Planting a large young beech (20 feet tall) in root-and-rock infested ground proved arduous today.
But what a Capability Brown thrill to see how the beech immediately changed the landscape, as if a young hero had come on stage.
Hugh Johnson, who writes splashingly about wine, wrote our favourite book on trees. He is full of interesting and useful information (for instance, the 'Buck' of Buckingham in fact means beech), and lyrical flourishes:
"You could argue that the beech is best in early winter Its leaves turn sometimes to the colour of burnt butter, sometimes to the clear coppery red of a fox's brush, before they fall But one in ten of those on young trees hangs on to the lower branches up to eight or nine feet from the ground. Between the red drifts on the ground and the red spume in the air (and dare I mention the azure firmament behind?), the silver shaft is dazzling."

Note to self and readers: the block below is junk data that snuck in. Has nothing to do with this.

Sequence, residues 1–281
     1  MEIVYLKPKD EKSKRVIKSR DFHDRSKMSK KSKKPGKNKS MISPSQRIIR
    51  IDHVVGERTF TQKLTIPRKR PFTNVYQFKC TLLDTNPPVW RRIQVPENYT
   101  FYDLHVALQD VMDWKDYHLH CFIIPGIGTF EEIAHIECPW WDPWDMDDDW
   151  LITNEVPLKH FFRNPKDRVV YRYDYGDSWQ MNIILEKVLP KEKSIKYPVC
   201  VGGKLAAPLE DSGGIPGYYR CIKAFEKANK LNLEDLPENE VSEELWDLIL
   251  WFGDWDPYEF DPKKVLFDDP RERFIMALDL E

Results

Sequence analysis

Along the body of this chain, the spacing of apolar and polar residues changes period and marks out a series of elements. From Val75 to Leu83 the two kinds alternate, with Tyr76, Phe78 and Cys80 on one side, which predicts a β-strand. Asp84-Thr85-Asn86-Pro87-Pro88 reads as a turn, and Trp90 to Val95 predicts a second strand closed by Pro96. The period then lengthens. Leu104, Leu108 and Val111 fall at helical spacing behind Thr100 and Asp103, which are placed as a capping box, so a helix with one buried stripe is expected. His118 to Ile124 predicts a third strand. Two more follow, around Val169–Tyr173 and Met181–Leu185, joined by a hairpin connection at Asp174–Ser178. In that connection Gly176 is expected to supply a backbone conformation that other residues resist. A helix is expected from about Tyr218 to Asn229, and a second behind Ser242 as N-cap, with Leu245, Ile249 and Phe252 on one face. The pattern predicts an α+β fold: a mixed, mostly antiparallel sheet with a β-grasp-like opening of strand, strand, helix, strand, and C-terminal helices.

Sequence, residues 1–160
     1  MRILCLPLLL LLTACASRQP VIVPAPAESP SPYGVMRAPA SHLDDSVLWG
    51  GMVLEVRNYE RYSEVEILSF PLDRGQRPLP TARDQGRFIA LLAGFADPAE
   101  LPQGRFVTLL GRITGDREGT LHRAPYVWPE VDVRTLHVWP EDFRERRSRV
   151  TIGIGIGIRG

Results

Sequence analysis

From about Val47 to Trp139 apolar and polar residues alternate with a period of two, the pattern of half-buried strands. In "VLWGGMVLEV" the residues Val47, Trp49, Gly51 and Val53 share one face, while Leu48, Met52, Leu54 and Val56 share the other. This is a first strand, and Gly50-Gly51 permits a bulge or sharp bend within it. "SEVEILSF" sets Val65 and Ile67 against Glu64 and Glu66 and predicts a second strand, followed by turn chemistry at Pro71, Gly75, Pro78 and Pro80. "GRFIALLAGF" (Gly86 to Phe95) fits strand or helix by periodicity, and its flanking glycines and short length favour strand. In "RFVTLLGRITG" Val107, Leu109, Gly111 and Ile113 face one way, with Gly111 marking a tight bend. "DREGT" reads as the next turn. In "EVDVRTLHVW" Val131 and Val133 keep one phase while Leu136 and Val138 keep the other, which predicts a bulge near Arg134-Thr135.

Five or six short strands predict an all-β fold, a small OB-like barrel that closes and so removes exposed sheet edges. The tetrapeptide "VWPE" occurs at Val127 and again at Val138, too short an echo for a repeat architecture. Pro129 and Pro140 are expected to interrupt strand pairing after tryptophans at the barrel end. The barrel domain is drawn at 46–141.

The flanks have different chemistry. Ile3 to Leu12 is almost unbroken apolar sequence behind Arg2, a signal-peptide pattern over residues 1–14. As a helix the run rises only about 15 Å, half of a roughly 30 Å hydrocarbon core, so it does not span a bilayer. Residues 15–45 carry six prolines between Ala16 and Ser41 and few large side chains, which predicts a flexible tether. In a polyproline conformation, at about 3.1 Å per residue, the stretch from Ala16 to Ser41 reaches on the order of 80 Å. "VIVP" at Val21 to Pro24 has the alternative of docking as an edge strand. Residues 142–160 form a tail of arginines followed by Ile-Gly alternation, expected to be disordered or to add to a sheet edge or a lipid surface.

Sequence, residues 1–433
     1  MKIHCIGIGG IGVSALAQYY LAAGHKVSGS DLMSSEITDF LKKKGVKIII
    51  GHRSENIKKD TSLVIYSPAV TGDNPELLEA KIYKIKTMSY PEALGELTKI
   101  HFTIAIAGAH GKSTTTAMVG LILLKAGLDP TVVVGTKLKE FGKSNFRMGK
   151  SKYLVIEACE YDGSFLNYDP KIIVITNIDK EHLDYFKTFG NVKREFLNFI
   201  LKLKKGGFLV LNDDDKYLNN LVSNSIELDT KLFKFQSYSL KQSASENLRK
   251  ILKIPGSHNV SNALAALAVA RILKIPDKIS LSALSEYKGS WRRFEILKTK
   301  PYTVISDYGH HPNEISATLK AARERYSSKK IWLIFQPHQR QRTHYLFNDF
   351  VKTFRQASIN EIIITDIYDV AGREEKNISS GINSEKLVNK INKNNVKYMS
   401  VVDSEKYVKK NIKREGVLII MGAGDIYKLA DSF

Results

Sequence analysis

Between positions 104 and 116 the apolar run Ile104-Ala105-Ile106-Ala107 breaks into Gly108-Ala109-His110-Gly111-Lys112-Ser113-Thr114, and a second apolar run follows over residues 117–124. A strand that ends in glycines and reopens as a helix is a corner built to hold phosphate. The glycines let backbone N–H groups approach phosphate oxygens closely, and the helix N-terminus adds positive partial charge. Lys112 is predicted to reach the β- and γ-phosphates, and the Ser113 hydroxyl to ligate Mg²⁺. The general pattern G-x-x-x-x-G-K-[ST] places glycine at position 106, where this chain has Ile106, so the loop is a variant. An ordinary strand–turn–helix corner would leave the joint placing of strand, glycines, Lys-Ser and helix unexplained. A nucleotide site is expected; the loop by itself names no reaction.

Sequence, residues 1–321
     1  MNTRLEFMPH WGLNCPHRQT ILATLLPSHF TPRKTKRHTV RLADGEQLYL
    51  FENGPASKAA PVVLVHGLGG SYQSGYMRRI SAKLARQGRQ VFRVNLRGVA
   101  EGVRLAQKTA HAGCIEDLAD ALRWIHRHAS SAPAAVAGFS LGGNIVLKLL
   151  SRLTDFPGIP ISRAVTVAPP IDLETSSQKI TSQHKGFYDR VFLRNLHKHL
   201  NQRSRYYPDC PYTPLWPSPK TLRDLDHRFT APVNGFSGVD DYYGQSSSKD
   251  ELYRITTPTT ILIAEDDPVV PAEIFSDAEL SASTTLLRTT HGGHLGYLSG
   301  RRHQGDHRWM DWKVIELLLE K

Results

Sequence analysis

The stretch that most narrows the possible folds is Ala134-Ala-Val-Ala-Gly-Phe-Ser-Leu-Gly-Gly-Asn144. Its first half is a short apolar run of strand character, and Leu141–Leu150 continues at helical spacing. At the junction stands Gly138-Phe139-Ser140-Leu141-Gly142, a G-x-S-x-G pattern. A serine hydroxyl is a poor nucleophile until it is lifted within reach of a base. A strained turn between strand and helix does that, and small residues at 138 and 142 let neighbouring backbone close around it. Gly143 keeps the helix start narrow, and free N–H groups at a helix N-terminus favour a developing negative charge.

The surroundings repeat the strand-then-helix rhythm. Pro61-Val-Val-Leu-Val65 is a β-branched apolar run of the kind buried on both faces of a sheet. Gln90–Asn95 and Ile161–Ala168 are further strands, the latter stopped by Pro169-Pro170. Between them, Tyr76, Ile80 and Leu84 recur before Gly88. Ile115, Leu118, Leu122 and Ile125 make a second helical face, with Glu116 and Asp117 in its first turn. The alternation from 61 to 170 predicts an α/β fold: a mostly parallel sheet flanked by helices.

An inspiration, we think, for the nave of Winchester Cathedral, where shafts of stone rise sunlit into the air, reminiscent of a grove of beech trees, perhaps those on St Catherine's Hill, which overlook the cathedral.
We must have mentioned Hugh before.